That's how much California's public pension systems are underfunded, according to a report by a group of Stanford University graduate students. Part of that underfunding is the result of the recession, but much of it comes from years of overpromising (pension costs rose 2,000 percent from 1999 to 2009). All the pensions are guaranteed, of course, so the money will have to come from somewhere. In an LAT oped, Schwarzenegger advisor David Crane lays out the problem:
What can we do about this? For the promises already made, nothing. They are contractual, and because that $500 billion of debt must be paid, retirement costs will rise dramatically no matter what we do. But we can reduce the sizes of promises made to new employees and require full and truthful disclosure so that pension debt can never again be hidden.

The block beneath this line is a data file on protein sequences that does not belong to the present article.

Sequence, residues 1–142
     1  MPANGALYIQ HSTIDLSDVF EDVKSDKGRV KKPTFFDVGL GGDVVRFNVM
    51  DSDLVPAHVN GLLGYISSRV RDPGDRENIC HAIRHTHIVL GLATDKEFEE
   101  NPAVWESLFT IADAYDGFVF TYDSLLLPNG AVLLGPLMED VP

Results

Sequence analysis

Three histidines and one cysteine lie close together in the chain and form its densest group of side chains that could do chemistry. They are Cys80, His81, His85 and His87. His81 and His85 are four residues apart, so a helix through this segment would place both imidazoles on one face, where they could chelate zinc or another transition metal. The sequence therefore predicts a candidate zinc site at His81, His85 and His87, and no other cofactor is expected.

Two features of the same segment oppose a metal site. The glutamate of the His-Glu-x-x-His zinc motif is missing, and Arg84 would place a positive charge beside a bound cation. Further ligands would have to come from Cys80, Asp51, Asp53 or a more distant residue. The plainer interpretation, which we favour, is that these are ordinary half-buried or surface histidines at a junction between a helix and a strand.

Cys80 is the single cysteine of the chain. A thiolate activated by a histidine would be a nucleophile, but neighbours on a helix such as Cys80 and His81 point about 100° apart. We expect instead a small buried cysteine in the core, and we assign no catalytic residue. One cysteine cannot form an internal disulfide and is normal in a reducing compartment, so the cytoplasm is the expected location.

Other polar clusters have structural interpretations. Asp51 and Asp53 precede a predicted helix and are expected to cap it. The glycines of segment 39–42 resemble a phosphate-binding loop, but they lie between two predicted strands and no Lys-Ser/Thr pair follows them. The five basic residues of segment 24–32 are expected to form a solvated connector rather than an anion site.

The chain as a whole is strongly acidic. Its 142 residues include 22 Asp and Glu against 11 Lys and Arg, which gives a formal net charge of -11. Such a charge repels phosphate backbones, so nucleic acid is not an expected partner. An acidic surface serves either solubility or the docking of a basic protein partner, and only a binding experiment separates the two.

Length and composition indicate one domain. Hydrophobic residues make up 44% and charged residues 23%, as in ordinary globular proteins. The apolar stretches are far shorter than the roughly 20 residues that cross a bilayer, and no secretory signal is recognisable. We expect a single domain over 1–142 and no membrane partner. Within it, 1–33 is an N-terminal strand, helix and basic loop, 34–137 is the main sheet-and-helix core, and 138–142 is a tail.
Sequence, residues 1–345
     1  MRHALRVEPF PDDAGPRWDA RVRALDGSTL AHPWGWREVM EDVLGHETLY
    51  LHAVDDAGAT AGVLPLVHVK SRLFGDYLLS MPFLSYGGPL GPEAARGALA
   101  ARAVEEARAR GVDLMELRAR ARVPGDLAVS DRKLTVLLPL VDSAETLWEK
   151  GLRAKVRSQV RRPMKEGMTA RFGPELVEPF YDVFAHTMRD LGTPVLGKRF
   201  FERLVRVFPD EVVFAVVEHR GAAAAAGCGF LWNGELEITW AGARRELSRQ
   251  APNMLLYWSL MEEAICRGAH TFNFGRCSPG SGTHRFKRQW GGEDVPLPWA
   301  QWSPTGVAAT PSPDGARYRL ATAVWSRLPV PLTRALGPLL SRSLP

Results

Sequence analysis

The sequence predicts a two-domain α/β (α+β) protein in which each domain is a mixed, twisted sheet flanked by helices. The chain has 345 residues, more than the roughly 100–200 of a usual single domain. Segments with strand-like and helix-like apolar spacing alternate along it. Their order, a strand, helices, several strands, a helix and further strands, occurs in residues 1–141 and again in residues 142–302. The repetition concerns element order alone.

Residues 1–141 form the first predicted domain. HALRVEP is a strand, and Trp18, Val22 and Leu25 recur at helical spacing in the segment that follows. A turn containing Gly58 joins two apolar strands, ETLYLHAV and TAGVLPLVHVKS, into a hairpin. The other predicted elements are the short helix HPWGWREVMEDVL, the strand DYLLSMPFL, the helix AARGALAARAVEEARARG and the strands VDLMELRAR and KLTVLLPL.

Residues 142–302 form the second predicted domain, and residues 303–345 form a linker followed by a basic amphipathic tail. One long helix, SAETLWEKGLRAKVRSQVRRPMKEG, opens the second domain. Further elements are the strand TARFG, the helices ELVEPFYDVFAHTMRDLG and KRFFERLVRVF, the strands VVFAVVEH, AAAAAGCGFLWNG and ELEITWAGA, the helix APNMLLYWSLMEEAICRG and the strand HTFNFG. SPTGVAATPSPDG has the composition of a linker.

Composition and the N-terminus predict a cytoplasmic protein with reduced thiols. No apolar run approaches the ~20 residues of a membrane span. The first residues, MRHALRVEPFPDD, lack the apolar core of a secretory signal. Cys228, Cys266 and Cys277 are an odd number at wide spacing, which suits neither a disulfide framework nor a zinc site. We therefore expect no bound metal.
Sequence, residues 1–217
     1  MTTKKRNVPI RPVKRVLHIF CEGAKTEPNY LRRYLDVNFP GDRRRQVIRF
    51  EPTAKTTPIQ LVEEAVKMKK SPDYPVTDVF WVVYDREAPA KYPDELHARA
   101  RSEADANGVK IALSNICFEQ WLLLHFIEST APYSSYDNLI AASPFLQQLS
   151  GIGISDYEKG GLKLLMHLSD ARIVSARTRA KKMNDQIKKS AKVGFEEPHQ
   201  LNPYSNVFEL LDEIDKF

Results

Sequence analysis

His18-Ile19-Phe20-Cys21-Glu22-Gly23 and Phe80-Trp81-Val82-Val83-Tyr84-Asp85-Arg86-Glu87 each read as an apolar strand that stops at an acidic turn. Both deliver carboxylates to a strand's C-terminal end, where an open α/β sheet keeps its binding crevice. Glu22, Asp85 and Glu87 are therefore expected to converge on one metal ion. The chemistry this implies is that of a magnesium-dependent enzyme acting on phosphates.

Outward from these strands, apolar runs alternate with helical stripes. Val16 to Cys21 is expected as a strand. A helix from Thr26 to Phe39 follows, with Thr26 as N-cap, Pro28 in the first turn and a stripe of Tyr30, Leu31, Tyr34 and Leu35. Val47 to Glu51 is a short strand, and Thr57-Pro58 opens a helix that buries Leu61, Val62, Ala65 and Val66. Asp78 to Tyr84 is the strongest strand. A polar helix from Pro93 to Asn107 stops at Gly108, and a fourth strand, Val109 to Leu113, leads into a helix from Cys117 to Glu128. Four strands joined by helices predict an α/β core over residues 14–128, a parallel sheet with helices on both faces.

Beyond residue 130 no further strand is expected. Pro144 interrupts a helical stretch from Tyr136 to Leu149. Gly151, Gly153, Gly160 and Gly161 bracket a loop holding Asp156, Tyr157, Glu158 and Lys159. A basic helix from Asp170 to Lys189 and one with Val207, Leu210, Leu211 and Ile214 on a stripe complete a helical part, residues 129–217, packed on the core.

The governor has made a big pitch for this two-tier type pension system, but he's not getting much of a response in the legislature.
State legislators are afraid even to utter the words "pension reform" for fear of alienating what has become -- since passage of the Dills Act in 1978, which endowed state public employees with collective bargaining rights on top of their civil service protections -- the single most politically influential constituency in our state: government employees.